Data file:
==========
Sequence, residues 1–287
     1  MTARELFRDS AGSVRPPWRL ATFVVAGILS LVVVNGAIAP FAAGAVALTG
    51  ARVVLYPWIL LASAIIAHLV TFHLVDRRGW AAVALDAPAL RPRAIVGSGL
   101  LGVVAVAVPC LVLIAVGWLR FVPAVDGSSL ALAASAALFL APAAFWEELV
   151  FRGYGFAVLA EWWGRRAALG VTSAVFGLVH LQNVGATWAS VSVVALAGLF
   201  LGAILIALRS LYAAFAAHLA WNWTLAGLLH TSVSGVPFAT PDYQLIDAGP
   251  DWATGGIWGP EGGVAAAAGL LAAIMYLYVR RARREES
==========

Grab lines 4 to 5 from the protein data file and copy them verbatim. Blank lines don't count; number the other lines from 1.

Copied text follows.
   101  LGVVAVAVPC LVLIAVGWLR FVPAVDGSSL ALAASAALFL APAAFWEELV
   151  FRGYGFAVLA EWWGRRAALG VTSAVFGLVH LQNVGATWAS VSVVALAGLF